November 1, marks the holiday of All Saint’s Day in the Philippines. During this occasion, Filipinos troop to the cemeteries to remember their dead loved ones. They clean the tombs and offer flowers and prayers for the deceased. During this same day, the Philippine Animal Welfare Society (PAWS) announced that it is devoting 100 square meters of its facilities, to be used as pet cemeteries. This will serve as burial sites for these beloved, deceased pet animals, in the absence of burial sites for these dead pets. Since space is limited, these burial spaces are located atop of each other. PAWS charges excavation and burial services of P500 for small animals and P1,000 for big ones. An additional payment of P2,000 is charged if dedications in memory of these dead pets will be posted on a memorial wall which PAWS designated.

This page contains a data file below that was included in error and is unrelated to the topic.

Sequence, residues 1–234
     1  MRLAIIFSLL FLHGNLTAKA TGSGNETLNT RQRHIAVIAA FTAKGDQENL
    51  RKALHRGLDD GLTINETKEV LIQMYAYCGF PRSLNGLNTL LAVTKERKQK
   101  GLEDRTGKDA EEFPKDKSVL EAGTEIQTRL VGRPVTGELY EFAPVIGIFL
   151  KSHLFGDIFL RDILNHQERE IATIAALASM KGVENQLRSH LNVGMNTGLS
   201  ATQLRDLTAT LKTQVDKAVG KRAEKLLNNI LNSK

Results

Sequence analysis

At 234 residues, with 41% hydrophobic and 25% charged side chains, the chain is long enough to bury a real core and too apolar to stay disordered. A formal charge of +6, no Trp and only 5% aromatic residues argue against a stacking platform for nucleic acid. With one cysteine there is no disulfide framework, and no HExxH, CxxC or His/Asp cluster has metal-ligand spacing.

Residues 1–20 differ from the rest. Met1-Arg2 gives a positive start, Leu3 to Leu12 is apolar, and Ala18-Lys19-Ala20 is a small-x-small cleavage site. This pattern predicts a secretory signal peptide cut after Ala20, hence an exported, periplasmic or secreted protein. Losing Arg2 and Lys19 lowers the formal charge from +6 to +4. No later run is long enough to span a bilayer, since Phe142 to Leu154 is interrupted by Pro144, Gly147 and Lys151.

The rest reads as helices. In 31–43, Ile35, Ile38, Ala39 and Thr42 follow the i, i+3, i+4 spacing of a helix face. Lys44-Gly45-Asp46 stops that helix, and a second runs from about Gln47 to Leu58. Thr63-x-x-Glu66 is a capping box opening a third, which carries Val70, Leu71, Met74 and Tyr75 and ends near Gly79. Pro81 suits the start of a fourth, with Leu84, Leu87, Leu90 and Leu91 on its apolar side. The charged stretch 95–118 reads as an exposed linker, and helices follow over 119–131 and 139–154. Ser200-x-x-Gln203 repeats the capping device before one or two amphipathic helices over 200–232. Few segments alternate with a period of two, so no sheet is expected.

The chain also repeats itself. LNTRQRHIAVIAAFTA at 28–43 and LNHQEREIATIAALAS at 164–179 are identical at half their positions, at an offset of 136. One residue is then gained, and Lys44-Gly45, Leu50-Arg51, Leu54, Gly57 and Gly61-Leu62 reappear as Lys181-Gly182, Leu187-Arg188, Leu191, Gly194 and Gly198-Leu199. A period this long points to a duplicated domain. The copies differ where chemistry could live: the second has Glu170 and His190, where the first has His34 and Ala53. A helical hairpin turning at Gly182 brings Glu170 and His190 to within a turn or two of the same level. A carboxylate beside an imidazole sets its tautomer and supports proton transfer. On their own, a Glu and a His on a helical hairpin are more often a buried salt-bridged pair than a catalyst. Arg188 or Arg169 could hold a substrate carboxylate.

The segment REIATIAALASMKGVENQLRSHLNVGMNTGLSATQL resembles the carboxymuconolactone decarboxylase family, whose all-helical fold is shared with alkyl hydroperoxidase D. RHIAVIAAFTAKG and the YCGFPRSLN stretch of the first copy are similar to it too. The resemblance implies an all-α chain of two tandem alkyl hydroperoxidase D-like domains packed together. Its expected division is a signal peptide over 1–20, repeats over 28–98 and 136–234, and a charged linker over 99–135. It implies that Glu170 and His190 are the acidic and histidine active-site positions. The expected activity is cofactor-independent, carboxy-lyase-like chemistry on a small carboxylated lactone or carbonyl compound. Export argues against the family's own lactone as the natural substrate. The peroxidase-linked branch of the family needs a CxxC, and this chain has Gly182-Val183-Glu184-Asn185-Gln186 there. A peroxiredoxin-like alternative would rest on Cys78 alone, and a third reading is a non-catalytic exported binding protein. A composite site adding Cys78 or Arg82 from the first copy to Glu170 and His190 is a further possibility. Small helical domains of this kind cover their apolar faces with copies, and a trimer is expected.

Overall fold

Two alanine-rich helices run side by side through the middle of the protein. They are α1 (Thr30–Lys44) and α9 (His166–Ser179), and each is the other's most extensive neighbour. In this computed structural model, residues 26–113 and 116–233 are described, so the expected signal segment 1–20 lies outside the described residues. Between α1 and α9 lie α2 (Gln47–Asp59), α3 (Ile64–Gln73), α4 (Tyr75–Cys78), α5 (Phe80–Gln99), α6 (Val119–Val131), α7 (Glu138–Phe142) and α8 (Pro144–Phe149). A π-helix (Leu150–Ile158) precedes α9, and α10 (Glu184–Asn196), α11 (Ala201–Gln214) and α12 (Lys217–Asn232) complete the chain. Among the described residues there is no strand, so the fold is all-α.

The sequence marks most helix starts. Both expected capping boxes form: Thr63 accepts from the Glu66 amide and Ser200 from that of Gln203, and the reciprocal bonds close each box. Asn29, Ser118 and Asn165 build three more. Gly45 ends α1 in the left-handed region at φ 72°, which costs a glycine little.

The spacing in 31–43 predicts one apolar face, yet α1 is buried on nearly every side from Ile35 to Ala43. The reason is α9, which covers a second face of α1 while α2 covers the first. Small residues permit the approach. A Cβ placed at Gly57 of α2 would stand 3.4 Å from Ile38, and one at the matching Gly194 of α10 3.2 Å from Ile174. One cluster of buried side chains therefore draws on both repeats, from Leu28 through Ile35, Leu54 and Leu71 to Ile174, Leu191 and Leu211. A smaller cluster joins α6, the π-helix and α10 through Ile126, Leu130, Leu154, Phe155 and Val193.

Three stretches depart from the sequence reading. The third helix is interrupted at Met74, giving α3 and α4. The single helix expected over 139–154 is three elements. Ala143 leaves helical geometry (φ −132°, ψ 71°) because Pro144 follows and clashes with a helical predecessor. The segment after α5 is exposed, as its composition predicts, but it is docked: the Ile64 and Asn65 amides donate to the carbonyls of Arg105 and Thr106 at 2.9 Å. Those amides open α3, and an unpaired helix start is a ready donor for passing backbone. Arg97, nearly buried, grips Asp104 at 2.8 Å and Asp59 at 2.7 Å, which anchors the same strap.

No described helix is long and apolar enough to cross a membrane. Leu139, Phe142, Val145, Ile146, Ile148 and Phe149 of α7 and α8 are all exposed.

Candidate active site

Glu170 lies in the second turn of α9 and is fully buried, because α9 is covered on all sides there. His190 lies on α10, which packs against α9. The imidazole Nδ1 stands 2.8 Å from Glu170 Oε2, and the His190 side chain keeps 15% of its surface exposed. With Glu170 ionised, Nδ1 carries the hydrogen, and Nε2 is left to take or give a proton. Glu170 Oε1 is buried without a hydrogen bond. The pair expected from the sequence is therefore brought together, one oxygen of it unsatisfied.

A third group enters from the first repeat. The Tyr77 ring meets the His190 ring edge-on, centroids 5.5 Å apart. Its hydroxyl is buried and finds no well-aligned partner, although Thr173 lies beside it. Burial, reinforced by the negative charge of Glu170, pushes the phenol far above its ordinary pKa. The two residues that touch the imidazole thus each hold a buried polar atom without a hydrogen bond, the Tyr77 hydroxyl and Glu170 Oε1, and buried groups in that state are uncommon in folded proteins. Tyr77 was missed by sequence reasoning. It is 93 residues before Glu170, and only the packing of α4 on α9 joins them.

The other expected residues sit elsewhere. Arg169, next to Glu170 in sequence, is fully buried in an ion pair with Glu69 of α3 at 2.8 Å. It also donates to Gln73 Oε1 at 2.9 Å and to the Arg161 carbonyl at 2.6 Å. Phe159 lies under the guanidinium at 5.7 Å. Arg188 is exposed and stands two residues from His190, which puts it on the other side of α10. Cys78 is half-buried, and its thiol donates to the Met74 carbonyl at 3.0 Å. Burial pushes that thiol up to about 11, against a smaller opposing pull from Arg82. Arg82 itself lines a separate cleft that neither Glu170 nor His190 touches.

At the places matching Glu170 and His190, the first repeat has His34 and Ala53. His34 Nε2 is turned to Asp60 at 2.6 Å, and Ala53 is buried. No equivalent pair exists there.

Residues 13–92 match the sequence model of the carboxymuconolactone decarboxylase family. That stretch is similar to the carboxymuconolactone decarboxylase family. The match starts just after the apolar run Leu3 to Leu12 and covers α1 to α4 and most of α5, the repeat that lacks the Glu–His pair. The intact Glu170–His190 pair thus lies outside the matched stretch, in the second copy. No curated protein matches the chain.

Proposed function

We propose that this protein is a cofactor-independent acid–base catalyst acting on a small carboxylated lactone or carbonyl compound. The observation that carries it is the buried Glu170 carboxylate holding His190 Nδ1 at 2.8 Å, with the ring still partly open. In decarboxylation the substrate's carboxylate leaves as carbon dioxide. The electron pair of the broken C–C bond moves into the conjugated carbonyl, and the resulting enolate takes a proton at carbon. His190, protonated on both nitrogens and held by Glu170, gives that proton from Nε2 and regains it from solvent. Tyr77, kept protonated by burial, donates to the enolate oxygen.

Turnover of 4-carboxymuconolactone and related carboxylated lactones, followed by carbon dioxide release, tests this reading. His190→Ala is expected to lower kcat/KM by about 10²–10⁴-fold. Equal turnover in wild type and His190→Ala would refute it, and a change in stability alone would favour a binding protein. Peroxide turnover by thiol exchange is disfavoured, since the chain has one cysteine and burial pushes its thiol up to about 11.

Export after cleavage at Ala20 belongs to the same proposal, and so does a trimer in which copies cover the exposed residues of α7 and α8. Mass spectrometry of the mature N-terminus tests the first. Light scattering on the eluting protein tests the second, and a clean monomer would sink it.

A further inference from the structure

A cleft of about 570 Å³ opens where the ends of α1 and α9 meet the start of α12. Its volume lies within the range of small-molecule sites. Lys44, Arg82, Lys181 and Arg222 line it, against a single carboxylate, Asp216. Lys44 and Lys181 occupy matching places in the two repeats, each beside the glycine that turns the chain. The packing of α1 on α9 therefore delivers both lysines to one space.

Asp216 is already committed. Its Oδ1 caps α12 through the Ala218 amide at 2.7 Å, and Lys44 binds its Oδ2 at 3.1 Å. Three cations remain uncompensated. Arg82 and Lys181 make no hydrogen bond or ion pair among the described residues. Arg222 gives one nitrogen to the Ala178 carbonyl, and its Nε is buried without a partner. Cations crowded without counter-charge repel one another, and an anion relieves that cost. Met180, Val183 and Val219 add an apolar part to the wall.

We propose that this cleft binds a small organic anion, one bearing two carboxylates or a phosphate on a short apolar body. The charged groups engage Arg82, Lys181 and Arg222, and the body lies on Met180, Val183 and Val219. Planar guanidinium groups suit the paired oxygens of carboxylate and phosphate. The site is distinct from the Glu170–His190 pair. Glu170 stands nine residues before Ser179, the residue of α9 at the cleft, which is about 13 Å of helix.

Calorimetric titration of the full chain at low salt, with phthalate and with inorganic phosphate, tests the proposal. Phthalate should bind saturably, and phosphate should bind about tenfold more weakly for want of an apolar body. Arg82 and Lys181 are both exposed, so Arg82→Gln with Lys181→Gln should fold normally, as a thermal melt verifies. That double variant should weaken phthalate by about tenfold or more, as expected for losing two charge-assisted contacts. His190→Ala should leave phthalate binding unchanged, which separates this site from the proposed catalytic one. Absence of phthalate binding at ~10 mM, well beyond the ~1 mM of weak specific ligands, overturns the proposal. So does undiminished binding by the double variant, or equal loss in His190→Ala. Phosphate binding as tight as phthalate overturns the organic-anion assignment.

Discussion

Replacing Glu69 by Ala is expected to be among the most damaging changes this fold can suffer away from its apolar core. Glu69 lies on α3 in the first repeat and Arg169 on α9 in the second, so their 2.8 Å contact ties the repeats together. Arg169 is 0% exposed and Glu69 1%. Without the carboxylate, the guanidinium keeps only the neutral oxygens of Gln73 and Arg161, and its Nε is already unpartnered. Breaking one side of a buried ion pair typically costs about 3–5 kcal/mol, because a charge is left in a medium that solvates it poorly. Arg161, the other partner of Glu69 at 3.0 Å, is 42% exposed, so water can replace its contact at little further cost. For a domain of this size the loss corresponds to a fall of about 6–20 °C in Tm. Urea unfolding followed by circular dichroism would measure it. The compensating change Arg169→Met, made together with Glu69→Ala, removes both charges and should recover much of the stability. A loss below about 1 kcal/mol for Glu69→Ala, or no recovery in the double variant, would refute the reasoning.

PAWS reasons out that animals need a decent burial too, aside from human beings. This system is done not only for sentimental reasons but for sanitary conditions. In the absence of a backyard or nearby empty lot, most Filipinos mistreat a dead pet by just placing them inside a garbage bag and throwing them at the back of a passing garbage truck. This is considered an undignified way of treating pets who have become part of the family for many years.
Philippine legislation on the disposal of dead animals is stated in Section 8.3, Subsection 8.3.1 of Chapter XIX of Presidential Decree No. 856, or the Code on Sanitation. Under this subsection, animal carcasses must be disposed of within 24 hours upon its death. If the animal could not be buried within 24 hours due to lack of space and the unavailability of PAWS personnel to facilitate its burial, it may be preserved by placing on ice and utilizing a black plastic garbage bag to seal it.
1. Philippine Laws
A. Presidential Decree No. 856 (On-line Official Gazette)
B. Presidential Decree No. 856, Implementing Rules and Regulations